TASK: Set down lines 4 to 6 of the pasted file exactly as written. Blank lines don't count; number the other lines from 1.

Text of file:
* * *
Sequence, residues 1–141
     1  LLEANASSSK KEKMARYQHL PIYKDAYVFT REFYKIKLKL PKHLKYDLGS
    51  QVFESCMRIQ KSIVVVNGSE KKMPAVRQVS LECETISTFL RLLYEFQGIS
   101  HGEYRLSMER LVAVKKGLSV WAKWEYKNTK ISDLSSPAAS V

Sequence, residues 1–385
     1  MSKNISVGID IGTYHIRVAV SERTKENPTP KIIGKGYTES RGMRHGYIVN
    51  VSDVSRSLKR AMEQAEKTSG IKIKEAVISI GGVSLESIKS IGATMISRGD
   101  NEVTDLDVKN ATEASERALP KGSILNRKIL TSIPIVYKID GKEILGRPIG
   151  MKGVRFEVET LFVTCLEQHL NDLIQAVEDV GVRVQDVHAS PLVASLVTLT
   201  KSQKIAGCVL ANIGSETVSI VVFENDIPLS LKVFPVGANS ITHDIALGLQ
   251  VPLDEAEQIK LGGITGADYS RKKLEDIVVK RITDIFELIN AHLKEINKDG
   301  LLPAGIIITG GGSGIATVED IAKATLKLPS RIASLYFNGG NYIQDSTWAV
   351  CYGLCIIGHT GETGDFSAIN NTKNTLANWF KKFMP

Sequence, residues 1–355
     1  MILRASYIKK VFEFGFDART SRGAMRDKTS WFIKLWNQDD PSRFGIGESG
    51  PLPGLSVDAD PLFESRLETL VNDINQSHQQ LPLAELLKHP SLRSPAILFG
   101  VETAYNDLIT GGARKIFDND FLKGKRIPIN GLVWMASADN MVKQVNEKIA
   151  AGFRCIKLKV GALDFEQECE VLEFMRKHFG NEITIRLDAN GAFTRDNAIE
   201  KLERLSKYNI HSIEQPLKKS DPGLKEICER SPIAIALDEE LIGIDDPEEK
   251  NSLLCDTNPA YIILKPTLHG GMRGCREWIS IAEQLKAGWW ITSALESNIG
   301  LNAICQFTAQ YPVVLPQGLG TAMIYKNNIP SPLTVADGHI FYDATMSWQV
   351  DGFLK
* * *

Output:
   101  HGEYRLSMER LVAVKKGLSV WAKWEYKNTK ISDLSSPAAS V

Sequence, residues 1–385
     1  MSKNISVGID IGTYHIRVAV SERTKENPTP KIIGKGYTES RGMRHGYIVN